"She Gave Me Of The Tree, And I Did Eat"

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Last Updated on May 9, 2015, by eNotes Editorial. Word Count: 227

Context: This is one of the saddest lines of poetry in Christian literature; the utter finality of the statement, with all the implications it has when spoken by Adam, symbol of all mankind, is forceful to the point of brutality: the deed of disobedience, bringing death, disaster, and dreadful woe,...

(The entire section contains 227 words.)

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Context: This is one of the saddest lines of poetry in Christian literature; the utter finality of the statement, with all the implications it has when spoken by Adam, symbol of all mankind, is forceful to the point of brutality: the deed of disobedience, bringing death, disaster, and dreadful woe, is done. And yet there is more in the statement, as Adam is immediately shown by his judge, the Messiah. Adam says that Eve, "whom thou madest to be my help,/ And gavest me as thy perfect gift, so good,/ So fit, so acceptable, so divine," gave him from her own hand the fruit to eat, the hand from which he "could suspect no ill." The implication of Adam's statement is that the fault is not really his own, that blame rests on Eve, perhaps even on God Himself. The Messiah tells Adam, however, that the blame must be Adam's alone, that Adam had a choice to make and of his own free will made that choice. And so the line rings in the reader's ear with the pathetic tones of the guilty one who would, if he could, deny the reality of his deed:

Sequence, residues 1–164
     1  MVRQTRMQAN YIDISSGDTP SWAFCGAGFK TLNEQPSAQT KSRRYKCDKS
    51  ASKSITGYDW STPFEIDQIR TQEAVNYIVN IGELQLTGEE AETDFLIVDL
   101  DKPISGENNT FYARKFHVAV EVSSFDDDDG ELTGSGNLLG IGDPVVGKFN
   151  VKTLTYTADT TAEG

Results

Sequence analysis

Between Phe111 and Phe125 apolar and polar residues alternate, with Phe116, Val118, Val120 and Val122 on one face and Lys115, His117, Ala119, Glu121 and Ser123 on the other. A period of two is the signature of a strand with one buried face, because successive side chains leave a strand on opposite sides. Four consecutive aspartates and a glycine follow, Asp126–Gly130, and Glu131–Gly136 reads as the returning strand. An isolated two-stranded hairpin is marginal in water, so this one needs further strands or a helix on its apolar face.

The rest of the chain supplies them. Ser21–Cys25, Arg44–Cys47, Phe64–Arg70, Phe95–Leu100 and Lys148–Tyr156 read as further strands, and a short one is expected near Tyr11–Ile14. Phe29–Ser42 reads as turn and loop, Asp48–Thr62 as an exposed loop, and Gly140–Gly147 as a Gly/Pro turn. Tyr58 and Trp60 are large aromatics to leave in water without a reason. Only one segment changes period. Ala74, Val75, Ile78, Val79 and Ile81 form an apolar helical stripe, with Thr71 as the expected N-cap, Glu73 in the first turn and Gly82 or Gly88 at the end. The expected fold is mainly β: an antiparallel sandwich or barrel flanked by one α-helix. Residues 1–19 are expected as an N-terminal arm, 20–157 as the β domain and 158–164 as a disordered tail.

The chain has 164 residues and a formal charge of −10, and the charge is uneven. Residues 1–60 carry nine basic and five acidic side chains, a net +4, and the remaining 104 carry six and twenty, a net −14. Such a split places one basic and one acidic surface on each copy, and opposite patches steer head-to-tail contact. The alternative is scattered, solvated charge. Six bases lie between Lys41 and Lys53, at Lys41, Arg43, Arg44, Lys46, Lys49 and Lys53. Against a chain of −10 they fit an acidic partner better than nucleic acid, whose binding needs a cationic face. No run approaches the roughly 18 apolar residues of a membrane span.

". . . from her hand I could suspect no ill,
And what she did, whatever in itself,
Her doing seemed to justify the deed;
She gave me of the tree, and I did eat."

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